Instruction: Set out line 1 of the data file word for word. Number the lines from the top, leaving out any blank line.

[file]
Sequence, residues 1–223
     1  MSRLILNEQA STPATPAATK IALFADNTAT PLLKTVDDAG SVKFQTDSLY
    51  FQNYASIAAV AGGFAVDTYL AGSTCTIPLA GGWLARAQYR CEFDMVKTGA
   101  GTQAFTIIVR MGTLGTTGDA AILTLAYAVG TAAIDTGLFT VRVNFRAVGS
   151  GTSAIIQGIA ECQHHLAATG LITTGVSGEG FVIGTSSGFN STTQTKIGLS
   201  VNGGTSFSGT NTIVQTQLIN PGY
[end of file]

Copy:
Sequence, residues 1–223